The trouble with Windows Phone 8
Microsoft confirmed that existing Windows Phone devices won’t get upgraded to Windows Phone 8. That includes the Nokia Lumia 900, which launched just two months ago. Microsoft is releasing an update, Windows Phone 7.8, which will have many WP8 features, but that may not be enough to satisfy early adopters.
Windows Phone is still a fledgling platform, even though it’s been out since the Fall of 2010. Consumers who decided to buy a Lumia 900 over the far more mature iPhone or Android phones put a certain amount of faith in Microsoft and Nokia. Now that faith has been betrayed. Losing the love of a handful of users is no sweat for Microsoft, but for Nokia it could be disastrous.
What’s even worse, it seems that Nokia knew it was building obsolete devices when it joined up with Microsoft last year, sources tell TechCrunch. At that point, Nokia had no choice but to agree to Microsoft’s terms: It desperately needed a new mobile OS. But if true, the arrangement would validate the greatest fears Nokia’s fans had about the Microsoft deal. Nokia effectively sold its soul to build the Lumia phones.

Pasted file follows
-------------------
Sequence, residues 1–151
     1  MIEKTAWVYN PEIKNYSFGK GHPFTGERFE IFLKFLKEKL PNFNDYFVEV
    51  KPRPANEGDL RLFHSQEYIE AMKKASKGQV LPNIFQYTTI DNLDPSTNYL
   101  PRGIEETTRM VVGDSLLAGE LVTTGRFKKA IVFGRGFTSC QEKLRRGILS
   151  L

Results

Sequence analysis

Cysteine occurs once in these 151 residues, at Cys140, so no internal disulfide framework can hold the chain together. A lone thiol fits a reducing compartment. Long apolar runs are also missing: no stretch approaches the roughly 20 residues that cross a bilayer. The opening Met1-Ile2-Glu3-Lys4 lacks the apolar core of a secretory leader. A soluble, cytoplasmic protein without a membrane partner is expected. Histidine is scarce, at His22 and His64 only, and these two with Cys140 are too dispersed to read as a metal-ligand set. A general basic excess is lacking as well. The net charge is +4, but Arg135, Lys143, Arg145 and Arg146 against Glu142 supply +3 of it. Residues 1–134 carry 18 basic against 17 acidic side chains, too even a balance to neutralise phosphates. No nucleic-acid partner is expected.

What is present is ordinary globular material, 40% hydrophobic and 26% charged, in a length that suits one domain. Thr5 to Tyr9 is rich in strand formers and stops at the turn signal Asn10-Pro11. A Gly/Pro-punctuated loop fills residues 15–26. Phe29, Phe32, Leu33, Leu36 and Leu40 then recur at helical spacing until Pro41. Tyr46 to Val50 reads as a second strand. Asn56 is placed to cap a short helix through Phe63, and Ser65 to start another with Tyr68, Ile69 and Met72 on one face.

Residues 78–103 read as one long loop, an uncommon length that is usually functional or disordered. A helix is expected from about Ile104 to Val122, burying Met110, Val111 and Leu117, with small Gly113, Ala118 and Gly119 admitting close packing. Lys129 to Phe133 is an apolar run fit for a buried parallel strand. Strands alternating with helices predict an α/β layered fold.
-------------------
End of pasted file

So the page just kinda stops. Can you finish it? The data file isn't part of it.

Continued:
The far bigger problem for both Nokia and Microsoft now is that they’ve triggered the Osborne effect. Now that every knows that Windows Phone 8 will only be available on new devices this Fall, who’s going to buy a Windows Phone before then? Chumps, that’s who.
Both Nokia and Microsoft are obviously aware of the potential issues following the Windows 8 announcement, though that doesn’t seem to mean much. In response to a pleading letter from a Lumia buyer (via Engadget), Nokia CEO Stephen Elop wrote:
Apparently, a long-term experience to Elop means a phone that’s made obsolete in less than a year.
Looking below the Surface
Then there’s Surface, Microsoft’s bold attempt to finally build its own PC hardware. Like many, I was intrigued by the tablet (though not as much as VentureBeat’s John Koetsier, who went ga-ga for it). The Surface’s design is slick, the accessories are actually innovative, I can’t wait to touch-type the heck out of that keyboard cover, and in many ways, it offers a glimpse at the future of computing. Check out our hands-on with the Surface for more details on how amazing-looking this device is.
The Surface with Windows 8 Pro, for example, is no different than a standard Windows laptop. You’re not compromising productivity like you do with the iPad or Android tablets.